Use this URL to cite or link to this record in EThOS: http://ethos.bl.uk/OrderDetails.do?uin=uk.bl.ethos.538795
Title: Political discourses of idealised masculinity : the risk management of male prisoners through work, education and family transitions
Author: McFarlane, Helen
Awarding Body: University of Plymouth
Current Institution: University of Plymouth
Date of Award: 2011
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Abstract:
This thesis focuses upon the new rehabilitation of male prisoners within the context of idealised masculinity. Through the discourse analysis of written policy documents, this work addresses two fundamental questions: How is idealised masculinity constituted within political discourse and how does idealised masculinity influence the formulation of prison rehabilitation programmes? Idealised masculinity is defined as the heterosexual breadwinning role attributed to men as workers and providers for the family. It is this that is articulated within political discourses as a technique of government by which to reduce re-offending amongst the male prisoner population. Within the Foucauldian analysis of governmentality and Neo-Marxist theorising around Post-Fordism, idealised masculinity represent a form of governance that the state employs to inform its programme of managing the risks posed by offenders. This is evident through two particular pathways to reduce re-offending. Namely Pathway Two Education, Training and Employment and Pathway Six Children and Families. The argument presented is that current forms of punishment and imprisonment are characterised and defined within gender specific practices underpinned by the constitution of masculinity. The purpose of which is to reconstruct male prisoner’s attitudes and behaviour from that of deviant to non-deviant behaviour, from anti-social to pro-social values and through their moral and responsible reconstruction towards active, self-governing subjects. Thus the importance of maintaining family ties and the re-skilling and training of male prisoners to be able to compete within the labour market and obtain legitimate employment underpins political discourses surrounding penal concerns of the new rehabilitation. However governing at a distance and the state being unable or unwilling to place the children and family of offender’s on a formal footing and to effectively intervene to stimulate job creation activities within the labour market could mean that male prisoners are merely set up to fail.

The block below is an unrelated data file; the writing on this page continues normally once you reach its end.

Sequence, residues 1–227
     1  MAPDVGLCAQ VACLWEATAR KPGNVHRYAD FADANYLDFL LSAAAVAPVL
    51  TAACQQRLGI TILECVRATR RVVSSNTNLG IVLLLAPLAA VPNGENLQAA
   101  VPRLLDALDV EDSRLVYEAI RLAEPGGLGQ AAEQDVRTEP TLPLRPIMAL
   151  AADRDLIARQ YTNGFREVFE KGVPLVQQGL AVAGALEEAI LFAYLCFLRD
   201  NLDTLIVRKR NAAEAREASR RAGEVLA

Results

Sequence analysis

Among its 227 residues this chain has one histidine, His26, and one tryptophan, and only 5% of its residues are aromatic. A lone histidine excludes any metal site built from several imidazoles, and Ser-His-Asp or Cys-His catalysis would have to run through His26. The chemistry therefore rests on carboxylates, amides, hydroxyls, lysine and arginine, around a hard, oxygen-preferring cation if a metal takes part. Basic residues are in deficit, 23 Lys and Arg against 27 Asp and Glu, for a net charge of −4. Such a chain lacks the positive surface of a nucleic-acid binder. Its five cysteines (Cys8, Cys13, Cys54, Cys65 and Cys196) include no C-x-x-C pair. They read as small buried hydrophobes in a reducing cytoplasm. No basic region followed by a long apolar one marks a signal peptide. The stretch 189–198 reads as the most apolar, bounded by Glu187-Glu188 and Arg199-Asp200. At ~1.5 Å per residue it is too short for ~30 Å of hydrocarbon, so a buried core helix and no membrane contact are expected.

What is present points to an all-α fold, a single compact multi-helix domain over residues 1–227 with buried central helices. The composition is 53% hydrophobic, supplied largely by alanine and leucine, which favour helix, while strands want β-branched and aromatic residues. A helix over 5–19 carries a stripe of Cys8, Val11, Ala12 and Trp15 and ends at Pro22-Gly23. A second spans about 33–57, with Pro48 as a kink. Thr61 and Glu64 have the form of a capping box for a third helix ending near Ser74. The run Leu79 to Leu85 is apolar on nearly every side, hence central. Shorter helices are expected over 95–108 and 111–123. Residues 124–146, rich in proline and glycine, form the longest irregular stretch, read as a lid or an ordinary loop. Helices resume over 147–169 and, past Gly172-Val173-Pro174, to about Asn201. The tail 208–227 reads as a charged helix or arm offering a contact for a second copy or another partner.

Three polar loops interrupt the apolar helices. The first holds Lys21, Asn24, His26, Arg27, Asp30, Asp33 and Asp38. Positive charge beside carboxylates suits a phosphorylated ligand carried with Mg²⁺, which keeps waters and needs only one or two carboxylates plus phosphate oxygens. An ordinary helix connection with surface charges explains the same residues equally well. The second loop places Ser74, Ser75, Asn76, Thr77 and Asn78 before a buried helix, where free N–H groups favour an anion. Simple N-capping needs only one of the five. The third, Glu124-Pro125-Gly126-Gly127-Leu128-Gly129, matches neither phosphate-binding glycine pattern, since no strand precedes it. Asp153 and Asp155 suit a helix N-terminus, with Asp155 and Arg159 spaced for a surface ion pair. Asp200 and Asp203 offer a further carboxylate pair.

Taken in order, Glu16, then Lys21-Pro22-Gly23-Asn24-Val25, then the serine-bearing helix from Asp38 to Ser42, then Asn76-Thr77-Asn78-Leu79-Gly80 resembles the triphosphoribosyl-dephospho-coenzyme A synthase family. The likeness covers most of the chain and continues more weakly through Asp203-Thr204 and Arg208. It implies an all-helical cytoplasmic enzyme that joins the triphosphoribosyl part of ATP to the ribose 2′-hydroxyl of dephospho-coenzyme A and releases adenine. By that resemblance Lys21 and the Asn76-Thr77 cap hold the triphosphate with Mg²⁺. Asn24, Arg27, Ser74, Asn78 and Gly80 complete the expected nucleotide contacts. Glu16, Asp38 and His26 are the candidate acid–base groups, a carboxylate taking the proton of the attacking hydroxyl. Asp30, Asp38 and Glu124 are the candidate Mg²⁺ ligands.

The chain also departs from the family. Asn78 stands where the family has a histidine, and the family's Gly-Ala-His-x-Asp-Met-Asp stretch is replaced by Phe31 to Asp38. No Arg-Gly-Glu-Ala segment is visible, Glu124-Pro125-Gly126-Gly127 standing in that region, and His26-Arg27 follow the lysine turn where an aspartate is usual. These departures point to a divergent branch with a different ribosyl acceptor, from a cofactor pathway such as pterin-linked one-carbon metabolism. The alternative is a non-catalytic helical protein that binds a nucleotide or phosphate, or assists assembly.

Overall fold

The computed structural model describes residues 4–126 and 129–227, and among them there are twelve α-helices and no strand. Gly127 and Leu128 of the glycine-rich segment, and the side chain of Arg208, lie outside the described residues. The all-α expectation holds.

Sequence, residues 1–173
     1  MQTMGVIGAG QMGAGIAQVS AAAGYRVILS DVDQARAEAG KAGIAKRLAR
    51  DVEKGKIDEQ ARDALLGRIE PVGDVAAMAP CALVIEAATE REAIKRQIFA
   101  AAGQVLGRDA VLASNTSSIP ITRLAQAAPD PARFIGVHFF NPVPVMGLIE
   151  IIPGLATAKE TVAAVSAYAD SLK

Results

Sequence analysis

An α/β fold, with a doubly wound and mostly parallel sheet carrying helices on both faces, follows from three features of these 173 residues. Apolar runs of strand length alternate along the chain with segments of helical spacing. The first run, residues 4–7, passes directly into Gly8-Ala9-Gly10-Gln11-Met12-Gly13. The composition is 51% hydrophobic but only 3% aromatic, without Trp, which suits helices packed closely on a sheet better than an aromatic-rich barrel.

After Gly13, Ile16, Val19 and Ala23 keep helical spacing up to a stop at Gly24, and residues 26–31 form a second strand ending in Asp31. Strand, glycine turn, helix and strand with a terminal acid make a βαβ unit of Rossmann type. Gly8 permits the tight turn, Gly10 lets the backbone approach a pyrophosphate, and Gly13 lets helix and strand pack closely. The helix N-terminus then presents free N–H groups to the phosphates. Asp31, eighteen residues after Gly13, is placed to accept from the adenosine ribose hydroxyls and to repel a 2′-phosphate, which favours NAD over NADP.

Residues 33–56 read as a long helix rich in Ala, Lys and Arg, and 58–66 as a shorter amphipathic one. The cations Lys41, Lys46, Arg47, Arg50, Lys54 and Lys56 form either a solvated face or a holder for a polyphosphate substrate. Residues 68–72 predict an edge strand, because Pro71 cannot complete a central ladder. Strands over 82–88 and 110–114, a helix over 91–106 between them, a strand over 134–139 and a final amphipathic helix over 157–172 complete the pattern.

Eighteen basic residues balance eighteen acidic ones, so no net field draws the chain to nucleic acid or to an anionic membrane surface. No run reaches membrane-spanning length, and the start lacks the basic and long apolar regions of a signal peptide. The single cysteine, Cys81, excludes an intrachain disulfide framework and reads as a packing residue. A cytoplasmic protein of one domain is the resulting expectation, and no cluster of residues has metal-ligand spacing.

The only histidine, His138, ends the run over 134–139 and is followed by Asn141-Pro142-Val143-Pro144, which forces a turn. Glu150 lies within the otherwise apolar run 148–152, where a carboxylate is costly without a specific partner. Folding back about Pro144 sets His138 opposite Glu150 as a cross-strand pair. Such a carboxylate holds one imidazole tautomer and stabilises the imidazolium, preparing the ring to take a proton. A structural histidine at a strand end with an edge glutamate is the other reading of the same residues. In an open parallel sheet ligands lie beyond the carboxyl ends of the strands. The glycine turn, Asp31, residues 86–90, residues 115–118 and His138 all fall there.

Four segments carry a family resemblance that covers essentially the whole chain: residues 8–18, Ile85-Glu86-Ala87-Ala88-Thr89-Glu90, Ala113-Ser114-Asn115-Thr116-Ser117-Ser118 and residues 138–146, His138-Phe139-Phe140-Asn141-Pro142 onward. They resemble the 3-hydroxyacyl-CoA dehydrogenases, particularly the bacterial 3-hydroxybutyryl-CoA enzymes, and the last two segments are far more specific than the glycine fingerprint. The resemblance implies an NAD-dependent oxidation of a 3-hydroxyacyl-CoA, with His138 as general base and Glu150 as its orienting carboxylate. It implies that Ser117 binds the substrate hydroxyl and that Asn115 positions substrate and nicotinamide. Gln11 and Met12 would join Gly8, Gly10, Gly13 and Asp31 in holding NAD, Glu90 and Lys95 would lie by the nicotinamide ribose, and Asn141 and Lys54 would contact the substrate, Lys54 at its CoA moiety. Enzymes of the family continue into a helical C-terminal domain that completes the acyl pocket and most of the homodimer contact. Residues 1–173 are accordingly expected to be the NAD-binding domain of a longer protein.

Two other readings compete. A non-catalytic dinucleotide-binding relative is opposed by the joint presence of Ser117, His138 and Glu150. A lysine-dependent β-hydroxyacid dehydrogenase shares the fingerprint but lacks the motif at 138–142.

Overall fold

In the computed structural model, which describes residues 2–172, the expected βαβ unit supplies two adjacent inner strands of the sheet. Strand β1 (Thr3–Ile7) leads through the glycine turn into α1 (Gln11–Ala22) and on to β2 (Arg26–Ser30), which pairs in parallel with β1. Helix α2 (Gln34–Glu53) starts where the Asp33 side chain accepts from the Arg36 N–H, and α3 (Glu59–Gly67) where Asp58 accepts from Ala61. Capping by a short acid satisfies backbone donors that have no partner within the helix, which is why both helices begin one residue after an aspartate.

Supervisor: Gray, Patricia Sponsor: Not available
Qualification Name: Thesis (Ph.D.) Qualification Level: Doctoral
EThOS ID: uk.bl.ethos.538795  DOI: Not available
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